The PRODEMU Foundation offers an illustrative fact about the safety of the digital environment through a survey of Chilean women conducted in 2021. According to the survey, 65% of women under the age of 29 consider the Internet to be unsafe for them. Women and girls in the region are also commonly subjected to digital crimes such as threats, sexual harassment, sextortion, cyberbullying, grooming, and non-consensual disclosure of intimate images. In most cases, girls and adolescents feel that their parents are distrustful of their use of the digital environment, but also overprotect them due to fear of the risks and dangers that may specifically impact them, unlike their male siblings.
For example, Ana (Peru) shares that "During the pandemic, I had friends who had to do their homework for an hour at a certain (specific) time because then they could no longer use the cell phone or the computer. Their parents saw it as a danger for them to access the Internet at those hours. There was no confidence that they could do anything useful. They even said: my dad will think negatively. Their male siblings could use the devices as late as they wanted to".
Some of the adolescents we consulted have already experienced violations of their rights in the digital environment, such as sexual harassment or cyberbullying, and in some cases, they have not received the response they expected to address these crimes. Additionally, they have identified mental health issues that girls and adolescents face when dealing with these situations. "I got into those risks, (older adults) were sending me things they shouldn't have. I went to my mom for help, and she wanted to take away the internet because I was exposed to these risks. It is good for our parents to protect us, to check some of the things we do, but not to deny us access (to the Internet)" (Ruth, Peru).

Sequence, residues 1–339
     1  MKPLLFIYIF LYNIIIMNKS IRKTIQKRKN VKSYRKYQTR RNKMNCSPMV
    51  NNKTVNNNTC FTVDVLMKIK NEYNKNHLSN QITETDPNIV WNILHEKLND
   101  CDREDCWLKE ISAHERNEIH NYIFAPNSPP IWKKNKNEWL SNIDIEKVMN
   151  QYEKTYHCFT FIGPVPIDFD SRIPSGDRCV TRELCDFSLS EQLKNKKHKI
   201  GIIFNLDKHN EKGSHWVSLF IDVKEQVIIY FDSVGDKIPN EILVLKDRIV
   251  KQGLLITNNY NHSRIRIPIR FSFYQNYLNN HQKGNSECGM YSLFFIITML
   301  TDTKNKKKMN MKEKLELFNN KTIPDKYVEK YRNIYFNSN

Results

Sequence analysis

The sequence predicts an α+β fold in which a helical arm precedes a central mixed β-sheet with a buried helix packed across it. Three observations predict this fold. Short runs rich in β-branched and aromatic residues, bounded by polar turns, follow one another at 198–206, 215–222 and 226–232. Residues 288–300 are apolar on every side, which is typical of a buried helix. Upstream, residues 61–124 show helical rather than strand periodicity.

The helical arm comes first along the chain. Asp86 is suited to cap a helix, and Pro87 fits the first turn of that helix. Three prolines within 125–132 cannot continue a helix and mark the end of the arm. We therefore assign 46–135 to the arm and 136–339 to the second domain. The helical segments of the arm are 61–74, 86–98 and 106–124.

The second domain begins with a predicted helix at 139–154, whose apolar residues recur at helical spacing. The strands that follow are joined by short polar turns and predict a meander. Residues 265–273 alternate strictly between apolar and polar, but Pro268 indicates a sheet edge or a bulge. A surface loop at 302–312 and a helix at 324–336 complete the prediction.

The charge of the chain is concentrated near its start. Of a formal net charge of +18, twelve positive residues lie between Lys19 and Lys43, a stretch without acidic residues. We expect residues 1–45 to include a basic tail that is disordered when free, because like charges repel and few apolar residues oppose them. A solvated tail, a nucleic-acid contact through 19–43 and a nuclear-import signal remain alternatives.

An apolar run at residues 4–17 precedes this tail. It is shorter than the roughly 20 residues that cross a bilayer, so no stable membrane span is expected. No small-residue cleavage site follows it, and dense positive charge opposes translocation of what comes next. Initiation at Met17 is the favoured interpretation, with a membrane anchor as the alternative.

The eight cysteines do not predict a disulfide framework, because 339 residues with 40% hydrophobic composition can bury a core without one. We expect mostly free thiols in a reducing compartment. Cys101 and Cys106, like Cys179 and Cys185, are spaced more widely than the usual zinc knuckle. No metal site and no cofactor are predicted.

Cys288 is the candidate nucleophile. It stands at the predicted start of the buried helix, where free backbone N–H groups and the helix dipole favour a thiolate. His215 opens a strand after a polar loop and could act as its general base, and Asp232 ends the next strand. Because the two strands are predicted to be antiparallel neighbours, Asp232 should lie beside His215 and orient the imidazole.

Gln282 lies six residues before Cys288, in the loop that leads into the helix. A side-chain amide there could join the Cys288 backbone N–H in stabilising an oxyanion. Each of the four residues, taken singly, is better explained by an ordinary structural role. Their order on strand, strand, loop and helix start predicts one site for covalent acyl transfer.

Adolescent girls feel that girls are more vulnerable than boys when risks associated with the digital environment are addressed, when children are also vulnerable. Even so, women and girls are more exposed to sexual harassment in digital environments, as well as other risks that can endanger even their lives. However, they all agree that digital platforms have their good side and therefore it is necessary to advance in protection measures, information, know how to detect threats and know the processes to act.
Role of States in prevention, accompaniment, and protection.
The region lacks specialized institutions that focus on cybercrimes, and the existing ones do not consider gender perspectives. This results in re-victimization and blame of survivors of such crimes. Due to the absence of prevention and protection strategies, protocols, and policies, creating equitable and safe digital environments remains a significant challenge for the region. Girls and adolescents share different ideas in this regard. They consider that society does not have enough information about cybercrime, and this has a direct impact on their rights.
"There is a lot of manipulation regarding aggressors. And it should be made clear that this is a crime, which should be punishable. And there should be a more accessible system, a place where allegations can be made safely" (Esmeralda, Peru). Among their solutions, there is a larger awareness in schools about these risks and also about the regulations that each country has to protect against these crimes.
"It is necessary to reinforce courses and technology platforms aimed at children and adolescents, to teach them how to move safely through these platforms. Because their use will become more and more prominent" (Marcia, Peru).
Among the challenges, they emphasize the lack of mechanisms for reporting and accompanying survivors of these crimes. "The State must do much better in improving the spaces where allegations against this type of cybercrime are received. They do not pay enough attention to this area. In pandemic there were too many (allegations) and they did not have the tools to deal with these crimes, that is why they went unpunished. They should train the staff who are going to respond" (María, Peru). Finally, they emphasize the importance of talking about these issues and advocating for progress, even with a cost.
"As a girl, you feel judged for talking about these issues. They bully you for supporting these issues that (they) believe have no future. But if they knew what girls suffer, they would think differently" (Cesia, Guatemala).